• "I don't know about that," said the girl thoughtfully. "I don't know many human people. Most of the ones I have met have been hateful. But I suppose they can be interesting too." She paused. "I hadn't every really thought of liking them like I like the animals. Except for Nanny, of course. Until…" She broke off with a shy laugh. "Well, anyway we all lived happily together until I was fifteen and Nanny died and then things got difficult. There was a man called Mander. A horrible man. He was the white overseer for the people who own the property. He kept coming to see me. He wanted me to move up to his house near Port Maria. I hated him and I used to hide when I heard his horse coming through the cane. One night he came on foot and I didn't hear him. He was drunk. He came into the cellar and fought with me because I wouldn't do what he wanted me to do. You know, the things people in love do."

                                                                                                                                                                                                                                                                                                  • Bond took a last glance at the instructor, who was now towing the corpse, which it certainly was, to the shore by its black hood. Bond wondered if any of the students was going to fail his test at bojutsu. Failure was certainly total in Tiger's training camp!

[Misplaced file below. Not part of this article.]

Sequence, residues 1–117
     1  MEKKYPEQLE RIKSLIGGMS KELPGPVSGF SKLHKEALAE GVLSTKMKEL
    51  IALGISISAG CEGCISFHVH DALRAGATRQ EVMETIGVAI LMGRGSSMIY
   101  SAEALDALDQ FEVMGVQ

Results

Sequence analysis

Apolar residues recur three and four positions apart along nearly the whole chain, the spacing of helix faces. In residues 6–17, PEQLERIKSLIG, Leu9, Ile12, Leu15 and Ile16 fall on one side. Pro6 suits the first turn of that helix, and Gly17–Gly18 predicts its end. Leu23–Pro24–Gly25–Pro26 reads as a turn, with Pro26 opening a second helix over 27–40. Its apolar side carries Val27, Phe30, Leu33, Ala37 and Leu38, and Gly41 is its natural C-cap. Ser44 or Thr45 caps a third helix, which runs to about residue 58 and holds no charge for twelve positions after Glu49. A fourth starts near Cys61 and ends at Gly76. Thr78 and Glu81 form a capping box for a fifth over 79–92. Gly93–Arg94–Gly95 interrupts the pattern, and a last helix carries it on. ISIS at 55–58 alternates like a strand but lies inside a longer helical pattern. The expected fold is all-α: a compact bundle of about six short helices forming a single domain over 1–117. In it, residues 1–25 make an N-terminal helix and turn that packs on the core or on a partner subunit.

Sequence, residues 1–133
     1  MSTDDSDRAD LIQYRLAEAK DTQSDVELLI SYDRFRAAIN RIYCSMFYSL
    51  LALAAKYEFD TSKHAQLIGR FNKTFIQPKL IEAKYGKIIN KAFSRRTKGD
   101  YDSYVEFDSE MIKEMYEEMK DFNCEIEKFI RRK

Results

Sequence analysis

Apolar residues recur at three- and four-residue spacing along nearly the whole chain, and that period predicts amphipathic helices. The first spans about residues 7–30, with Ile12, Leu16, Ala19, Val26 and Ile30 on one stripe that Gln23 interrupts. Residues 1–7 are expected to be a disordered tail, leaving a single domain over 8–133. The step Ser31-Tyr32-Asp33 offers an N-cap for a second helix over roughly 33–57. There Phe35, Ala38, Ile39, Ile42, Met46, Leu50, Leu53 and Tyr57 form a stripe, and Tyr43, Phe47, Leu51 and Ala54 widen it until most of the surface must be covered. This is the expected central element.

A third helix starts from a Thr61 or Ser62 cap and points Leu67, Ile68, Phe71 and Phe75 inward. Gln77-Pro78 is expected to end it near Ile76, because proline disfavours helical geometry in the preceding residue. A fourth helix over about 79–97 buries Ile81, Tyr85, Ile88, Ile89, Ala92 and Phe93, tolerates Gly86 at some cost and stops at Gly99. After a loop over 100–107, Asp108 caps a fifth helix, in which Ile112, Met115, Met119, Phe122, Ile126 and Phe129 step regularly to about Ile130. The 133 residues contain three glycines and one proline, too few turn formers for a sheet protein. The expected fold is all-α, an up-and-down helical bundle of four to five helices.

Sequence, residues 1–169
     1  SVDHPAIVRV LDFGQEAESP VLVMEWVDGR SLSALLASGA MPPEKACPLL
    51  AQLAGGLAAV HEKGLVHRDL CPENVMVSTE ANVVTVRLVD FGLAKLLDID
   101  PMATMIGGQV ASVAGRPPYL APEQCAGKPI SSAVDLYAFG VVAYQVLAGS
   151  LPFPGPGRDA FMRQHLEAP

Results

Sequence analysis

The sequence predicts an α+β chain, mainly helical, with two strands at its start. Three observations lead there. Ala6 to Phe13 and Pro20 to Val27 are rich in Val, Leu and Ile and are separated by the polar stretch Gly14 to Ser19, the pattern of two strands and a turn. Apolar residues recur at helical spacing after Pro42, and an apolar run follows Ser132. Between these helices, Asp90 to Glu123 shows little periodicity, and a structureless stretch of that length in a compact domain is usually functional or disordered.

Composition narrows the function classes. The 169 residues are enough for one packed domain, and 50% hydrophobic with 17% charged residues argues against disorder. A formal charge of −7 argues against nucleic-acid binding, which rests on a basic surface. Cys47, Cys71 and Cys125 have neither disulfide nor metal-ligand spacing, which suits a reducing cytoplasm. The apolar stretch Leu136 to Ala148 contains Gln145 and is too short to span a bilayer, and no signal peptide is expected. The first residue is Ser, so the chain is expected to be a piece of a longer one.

• 'I would be,' his wife laughed. 'You don't think I do this for pleasure.'

                                                                                                                                                                                                                                                                                                                                                                                                  • I had now leisure to examine the purse. It was a stiff leather purse, with a snap, and had three bright shillings in it, which Peggotty had evidently polished up with whitening, for my greater delight. But its most precious contents were two half-crowns folded together in a bit of paper, on which was written, in my mother's hand, 'For Davy. With my love.' I was so overcome by this, that I asked the carrier to be so good as to reach me my pocket-handkerchief again; but he said he thought I had better do without it, and I thought I really had, so I wiped my eyes on my sleeve and stopped myself.

                                                                                                                                                                                                                                                                                                                                                                                                                                                  • But there was no disguise for the great brown and red football of a head and the flesh-coloured hearing aid plugged into the left ear was net an improvement.